1) Additions to the land currently owned by the IDNR at Apple River Canyon in Jo Daviess County. This area includes a high-quality stream with several endangered species within Apple River Canyon.
2) Additions to Black-Crown Marsh in McHenry County. Black-Crown Marsh has eight endangered and threatened bird species nesting there and includes a significant wetland. The IDNR currently owns 160 acres of the Black-Crown Marsh natural area.
3) Additions to Lower Fox River - Blake's Landing Nature Preserve in LaSalle County. The proposed acquisition will expand the IDNR-owned Lower Fox River - Blake's Landing Nature Preserve and preserve habitat for the state endangered snowberry.
4) More acquisitions are being proposed at the Cache River State Natural Area in Johnson and Pulaski counties. Twenty endangered and threatened species of plants or animals occur here. The proposed additions will protect this bottomland habitat, buffer current IDNR holdings, and play an instrumental role in the Cache River's hydrologic future.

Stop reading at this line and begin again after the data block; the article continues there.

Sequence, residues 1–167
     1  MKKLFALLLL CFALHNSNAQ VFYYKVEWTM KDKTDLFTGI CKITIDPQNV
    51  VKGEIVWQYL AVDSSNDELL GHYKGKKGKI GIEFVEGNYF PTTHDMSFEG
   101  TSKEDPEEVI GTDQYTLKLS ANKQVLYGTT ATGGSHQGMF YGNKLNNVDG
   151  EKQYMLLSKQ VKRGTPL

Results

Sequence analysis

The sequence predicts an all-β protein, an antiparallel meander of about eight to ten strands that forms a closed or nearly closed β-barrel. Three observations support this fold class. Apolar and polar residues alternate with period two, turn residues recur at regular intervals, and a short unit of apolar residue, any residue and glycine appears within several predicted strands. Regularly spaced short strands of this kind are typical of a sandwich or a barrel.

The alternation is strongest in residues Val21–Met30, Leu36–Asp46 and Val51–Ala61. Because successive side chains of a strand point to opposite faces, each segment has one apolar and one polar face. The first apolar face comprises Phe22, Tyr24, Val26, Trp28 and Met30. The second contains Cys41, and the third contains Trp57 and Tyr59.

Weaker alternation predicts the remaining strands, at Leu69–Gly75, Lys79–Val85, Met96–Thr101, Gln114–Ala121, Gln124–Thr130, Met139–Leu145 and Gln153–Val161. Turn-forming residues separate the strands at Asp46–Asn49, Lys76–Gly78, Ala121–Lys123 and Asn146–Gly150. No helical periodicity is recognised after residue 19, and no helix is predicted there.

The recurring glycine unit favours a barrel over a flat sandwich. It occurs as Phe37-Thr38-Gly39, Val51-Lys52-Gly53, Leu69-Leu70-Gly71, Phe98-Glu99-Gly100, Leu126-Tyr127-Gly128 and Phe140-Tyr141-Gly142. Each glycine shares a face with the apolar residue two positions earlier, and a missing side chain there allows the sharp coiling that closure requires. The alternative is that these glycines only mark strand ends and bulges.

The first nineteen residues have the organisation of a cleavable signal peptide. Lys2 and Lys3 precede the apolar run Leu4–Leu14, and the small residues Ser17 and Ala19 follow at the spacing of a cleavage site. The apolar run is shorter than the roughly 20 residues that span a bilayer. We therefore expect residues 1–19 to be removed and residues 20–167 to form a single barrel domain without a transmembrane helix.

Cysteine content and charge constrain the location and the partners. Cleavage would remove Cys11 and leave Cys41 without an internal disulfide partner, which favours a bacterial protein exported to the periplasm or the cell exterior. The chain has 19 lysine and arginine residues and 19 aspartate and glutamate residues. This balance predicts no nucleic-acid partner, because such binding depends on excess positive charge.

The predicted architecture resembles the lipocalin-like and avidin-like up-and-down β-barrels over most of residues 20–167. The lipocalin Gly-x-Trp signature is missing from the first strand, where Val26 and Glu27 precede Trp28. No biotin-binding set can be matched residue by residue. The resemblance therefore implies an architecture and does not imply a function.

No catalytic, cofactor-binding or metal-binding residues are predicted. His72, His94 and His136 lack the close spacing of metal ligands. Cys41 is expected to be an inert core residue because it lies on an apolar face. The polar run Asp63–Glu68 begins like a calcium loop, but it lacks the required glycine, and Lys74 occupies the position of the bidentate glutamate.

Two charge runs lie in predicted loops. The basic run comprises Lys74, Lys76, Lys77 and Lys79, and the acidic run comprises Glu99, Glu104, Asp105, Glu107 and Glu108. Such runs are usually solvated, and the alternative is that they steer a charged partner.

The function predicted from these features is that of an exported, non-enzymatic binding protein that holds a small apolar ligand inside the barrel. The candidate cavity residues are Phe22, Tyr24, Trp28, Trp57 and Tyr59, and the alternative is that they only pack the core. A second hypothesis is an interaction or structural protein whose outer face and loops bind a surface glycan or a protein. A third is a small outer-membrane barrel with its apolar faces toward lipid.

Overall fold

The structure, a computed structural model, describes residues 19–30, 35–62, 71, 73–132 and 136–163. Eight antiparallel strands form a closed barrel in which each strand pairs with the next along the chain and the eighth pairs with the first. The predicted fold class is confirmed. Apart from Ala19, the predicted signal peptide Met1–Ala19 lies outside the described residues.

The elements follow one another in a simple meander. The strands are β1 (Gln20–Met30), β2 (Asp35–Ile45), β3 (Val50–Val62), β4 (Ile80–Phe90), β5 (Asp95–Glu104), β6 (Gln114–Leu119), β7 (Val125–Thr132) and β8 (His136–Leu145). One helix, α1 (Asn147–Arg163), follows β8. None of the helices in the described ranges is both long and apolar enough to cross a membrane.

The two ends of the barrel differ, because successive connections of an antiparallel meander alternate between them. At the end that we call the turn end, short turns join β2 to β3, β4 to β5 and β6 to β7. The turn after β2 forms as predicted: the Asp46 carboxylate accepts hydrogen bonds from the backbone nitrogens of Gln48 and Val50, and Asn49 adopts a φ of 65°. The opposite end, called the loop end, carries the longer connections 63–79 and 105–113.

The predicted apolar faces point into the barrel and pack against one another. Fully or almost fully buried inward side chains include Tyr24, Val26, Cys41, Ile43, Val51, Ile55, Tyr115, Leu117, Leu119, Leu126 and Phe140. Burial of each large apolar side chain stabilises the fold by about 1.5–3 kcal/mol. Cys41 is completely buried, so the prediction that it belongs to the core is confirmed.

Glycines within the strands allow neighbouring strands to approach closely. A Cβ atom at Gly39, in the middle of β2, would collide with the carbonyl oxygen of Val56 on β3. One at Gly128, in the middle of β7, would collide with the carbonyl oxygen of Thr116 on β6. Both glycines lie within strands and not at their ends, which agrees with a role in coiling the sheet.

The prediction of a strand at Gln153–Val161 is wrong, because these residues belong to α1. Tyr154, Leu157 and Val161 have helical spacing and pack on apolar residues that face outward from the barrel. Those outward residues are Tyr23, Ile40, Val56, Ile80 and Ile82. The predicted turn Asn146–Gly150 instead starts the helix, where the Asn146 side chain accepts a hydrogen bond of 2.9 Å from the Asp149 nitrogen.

5) Campbell Pond, in Jackson County, is an outstanding example of a shallow natural lake in the bottomland of the Little Muddy River. The IDNR owns part of Campbell Pond, and this addition will help complete the preserve design and acquire more land identified by the INAI.
6) Cedar Bluff is part of Ferne Clyffe State Park in Johnson County. This area includes Cedar/Draper's Bluff Land and Water Reserve. The additions will provide buffer to the Land and Water Reserve while connecting it to the State park.
7) Cypress Pond is a 477-acre swamp bisected by the Johnson and Union County line. The proposed additions will more than double the State's holdings at this site.
8) Guthrie Cave, in Union County, was registered as an Illinois Land and Water Reserve in October, 1999. It is an example of high-quality terrestrial and aquatic cave communities. The proposed addition will protect land above and surrounding the cave.
9) Additions to Hanover Bluff Nature Preserve in Jo Daviess County. Expanding this site will provide additional habitat for the rare species that occur there and will implement the area's preserve design by expanding and connecting acquisitions currently being pursued by the IDNR.